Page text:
Portugal records highest daily spike since April. Portugal registered 646 new daily cases of COVID-19 on Wednesday the highest spike in daily cases since 20 April. The Portuguese health authorities say the increase is due to the return of vacations and increased mobility. (Helena Neves,



Dialogue with Turkey or sanctions. “If Turkey refuses to see sense by the next EU summit on 24 September, I see no option but for my fellow European leaders to impose meaningful sanctions,” Greek PM Kyriakos Mitsotakis wrote in an op-ed published in several EU media.

“Because this is no longer just about European solidarity. It is about recognising that vital interests – strategic European interests – are now at stake. If Europe wants to exercise true geopolitical power, it simply cannot afford to appease a belligerent Turkey,” he added.

Find the full op-ed here.

Read also: The Brief – Moria burns, and solidarity with it



Huawei fears it may be excluded from Poland’s 5G network. Poland’s planned criteria for assessing the risk of telecoms equipment providers are political and may be aimed at excluding Huawei from developing the country’s 5G network, the Chinese company said on Wednesday (9 September). Read more here.



Prague placed on high-risk list after Covid-19 spike. Belgium and Germany decided on Wednesday (9 September) to place Prague on their lists of high-risk regions after the number of daily COVID-19 cases surpassed the 1,000-mark for the first time since the pandemic started.

The same day, Czech health minister Adam Vojtěch announced the reintroduction of country-wide obligations to wear face masks in indoor spaces, though this will not affect classrooms. However, no economic measures to curb the spread of COVID-19 will return, as the country cannot afford them, Prime Minister Andrej Babiš has said. (Ondřej Plevák |



Time to end NGO-blackmail, says Hungarian foreign minister. A new alliance on migration has been formed between Hungary and Malta, said Hungary’s foreign minister Péter Szijjártó after meeting Maltese counterpart Evarist Bartolo in Valletta on Wednesday (9 September), state news agency MTI reported. At the same time, Szijjártó lashed out against “Soros-type NGOs”. EURACTIV’s Vlagyiszlav Makszimov has more.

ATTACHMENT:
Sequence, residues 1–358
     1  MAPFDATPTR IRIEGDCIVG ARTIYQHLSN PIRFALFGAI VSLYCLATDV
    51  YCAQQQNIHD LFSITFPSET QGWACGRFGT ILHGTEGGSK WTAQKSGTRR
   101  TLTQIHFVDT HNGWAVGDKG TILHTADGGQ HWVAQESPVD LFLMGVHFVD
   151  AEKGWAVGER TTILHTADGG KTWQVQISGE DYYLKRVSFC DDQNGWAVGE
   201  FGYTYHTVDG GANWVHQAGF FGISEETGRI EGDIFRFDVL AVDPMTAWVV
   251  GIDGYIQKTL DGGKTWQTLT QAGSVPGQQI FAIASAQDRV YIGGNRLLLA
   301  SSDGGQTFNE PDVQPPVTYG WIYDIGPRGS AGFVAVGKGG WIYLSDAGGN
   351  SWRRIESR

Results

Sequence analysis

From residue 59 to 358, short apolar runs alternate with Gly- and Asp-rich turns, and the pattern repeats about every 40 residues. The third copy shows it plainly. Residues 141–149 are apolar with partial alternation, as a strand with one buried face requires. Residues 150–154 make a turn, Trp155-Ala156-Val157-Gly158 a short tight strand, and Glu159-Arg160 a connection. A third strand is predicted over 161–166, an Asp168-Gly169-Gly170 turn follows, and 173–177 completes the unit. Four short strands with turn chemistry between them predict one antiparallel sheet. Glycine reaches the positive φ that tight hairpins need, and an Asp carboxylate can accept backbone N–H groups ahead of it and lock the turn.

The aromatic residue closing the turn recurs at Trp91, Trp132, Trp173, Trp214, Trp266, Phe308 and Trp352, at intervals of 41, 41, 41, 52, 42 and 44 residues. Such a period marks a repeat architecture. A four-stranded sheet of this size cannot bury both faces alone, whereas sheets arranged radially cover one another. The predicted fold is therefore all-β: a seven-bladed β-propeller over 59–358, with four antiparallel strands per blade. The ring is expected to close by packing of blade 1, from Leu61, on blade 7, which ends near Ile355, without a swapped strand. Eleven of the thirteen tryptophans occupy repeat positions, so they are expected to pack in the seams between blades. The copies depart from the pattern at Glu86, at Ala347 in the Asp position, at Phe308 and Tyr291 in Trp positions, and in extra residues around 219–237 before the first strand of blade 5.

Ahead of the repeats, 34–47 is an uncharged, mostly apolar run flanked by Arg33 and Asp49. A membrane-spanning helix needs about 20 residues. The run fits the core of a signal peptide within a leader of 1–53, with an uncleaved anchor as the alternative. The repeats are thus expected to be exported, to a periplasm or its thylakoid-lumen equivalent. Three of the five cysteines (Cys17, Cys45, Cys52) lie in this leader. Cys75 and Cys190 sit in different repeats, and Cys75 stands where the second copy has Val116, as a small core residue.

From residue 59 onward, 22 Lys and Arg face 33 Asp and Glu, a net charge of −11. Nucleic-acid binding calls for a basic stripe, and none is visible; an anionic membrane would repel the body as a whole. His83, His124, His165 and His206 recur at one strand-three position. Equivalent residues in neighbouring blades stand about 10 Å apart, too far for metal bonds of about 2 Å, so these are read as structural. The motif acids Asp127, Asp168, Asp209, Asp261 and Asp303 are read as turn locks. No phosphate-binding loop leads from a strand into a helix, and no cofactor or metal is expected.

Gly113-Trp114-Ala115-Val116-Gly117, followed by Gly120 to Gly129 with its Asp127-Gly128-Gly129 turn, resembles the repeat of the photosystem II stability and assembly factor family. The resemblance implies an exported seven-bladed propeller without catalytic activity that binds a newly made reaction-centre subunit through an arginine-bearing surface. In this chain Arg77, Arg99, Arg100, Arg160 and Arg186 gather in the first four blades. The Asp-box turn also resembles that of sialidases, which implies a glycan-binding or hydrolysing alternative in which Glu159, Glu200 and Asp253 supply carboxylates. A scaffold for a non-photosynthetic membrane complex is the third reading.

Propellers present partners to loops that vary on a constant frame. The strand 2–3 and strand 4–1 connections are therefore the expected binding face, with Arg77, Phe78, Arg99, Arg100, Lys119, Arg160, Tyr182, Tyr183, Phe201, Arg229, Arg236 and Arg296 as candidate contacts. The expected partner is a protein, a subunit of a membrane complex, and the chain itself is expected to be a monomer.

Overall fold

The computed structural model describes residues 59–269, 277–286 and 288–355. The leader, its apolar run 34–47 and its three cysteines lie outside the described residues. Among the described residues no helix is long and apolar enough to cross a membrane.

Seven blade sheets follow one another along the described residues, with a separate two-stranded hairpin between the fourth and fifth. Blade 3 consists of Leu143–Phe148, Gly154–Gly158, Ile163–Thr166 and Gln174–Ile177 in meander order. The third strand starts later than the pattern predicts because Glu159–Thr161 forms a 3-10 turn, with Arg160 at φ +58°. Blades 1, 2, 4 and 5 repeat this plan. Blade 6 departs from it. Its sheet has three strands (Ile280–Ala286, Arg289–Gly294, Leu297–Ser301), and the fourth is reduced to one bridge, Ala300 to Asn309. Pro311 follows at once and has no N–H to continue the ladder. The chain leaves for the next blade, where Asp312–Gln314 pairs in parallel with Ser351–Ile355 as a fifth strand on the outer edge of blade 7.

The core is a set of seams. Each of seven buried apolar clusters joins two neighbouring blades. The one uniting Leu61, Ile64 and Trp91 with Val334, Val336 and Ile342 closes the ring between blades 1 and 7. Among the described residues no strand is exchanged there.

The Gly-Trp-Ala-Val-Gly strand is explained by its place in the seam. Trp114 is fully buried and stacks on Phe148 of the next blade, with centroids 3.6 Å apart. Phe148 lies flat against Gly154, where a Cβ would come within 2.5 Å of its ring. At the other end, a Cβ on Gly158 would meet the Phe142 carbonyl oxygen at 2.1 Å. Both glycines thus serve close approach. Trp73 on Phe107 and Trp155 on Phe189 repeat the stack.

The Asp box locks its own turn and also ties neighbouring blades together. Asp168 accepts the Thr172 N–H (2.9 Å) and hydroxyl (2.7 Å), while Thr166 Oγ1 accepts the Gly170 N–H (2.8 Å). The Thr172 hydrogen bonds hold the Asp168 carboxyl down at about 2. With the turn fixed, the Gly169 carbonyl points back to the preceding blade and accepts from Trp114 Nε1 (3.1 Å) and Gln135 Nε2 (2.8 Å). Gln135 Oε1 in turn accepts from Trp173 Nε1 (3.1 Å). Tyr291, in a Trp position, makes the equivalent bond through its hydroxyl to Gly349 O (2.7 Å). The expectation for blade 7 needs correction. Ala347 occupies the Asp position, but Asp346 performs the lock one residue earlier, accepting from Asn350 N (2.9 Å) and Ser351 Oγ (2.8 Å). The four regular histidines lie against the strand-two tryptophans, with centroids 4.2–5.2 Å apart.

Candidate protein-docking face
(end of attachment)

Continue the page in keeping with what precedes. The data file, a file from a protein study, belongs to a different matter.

More COVID-19 hospitalisations than during first wave. The number of people hospitalised for COVID-19 in Slovakia has exceeded the occupancy rate from the first wave of the pandemic as numbers reached almost 100 as of Wednesday. At the same time, new rules for mass events will enter into force starting Thursday (10 September), allowing a maximum of 1,000 people at a time for outside events and 500 for indoor ones. (Zuzana Gabrižová |



EU secures 300 million COVID-19 vaccine doses. The EU has secured 300 million COVID-19 vaccine for EU citizens, Prime Minister Andrej Plenković said on Wednesday (9 September).

“The moment a vaccine is scientifically verified as the right vaccine against the coronavirus, we will have it at our disposal, just like Germany, France and other EU member states will,” Plenković told Croatian Radio in an interview. (Karla Junicic |

Read also: EU pharma boss says ‘not possible’ to predict COVID-19 vaccine date



Sour grapes in Slovenia over EU court’s wine ruling. Slovenia said it was disappointed Wednesday (9 September) that an EU court failed to back it in a wine dispute with Croatia, a neighbour with which relations have been sour for years.

The EU General Court (ECG) upheld an EU act that allows Croatian winemakers to use the name “Teran” under strict conditions, although it had been a protected designation for Slovenian vintners since Ljubljana joined the bloc in 2004. (



School to start in-class and online. Students in Romania will be attending classes for the start of the new school year as of 14 September unless the number of COVID-19 cases passes a certain threshold, in which case courses will be held online, Romanian authorities decided. In other cases, half of the students will attend class, while the rest will stay home and take courses remotely. Read more.



Borissov refuses to stand down. “The mafia wants the government to resign,” said Bulgarian Prime Minister Boyko Borissov on Wednesday (9 September), adding that because criminals were behind the protests against him, he no longer wants to resign. EURACTIV Bulgaria has more.


[Edited by Alexandra Brzozowski, Daniel Eck, Benjamin Fox]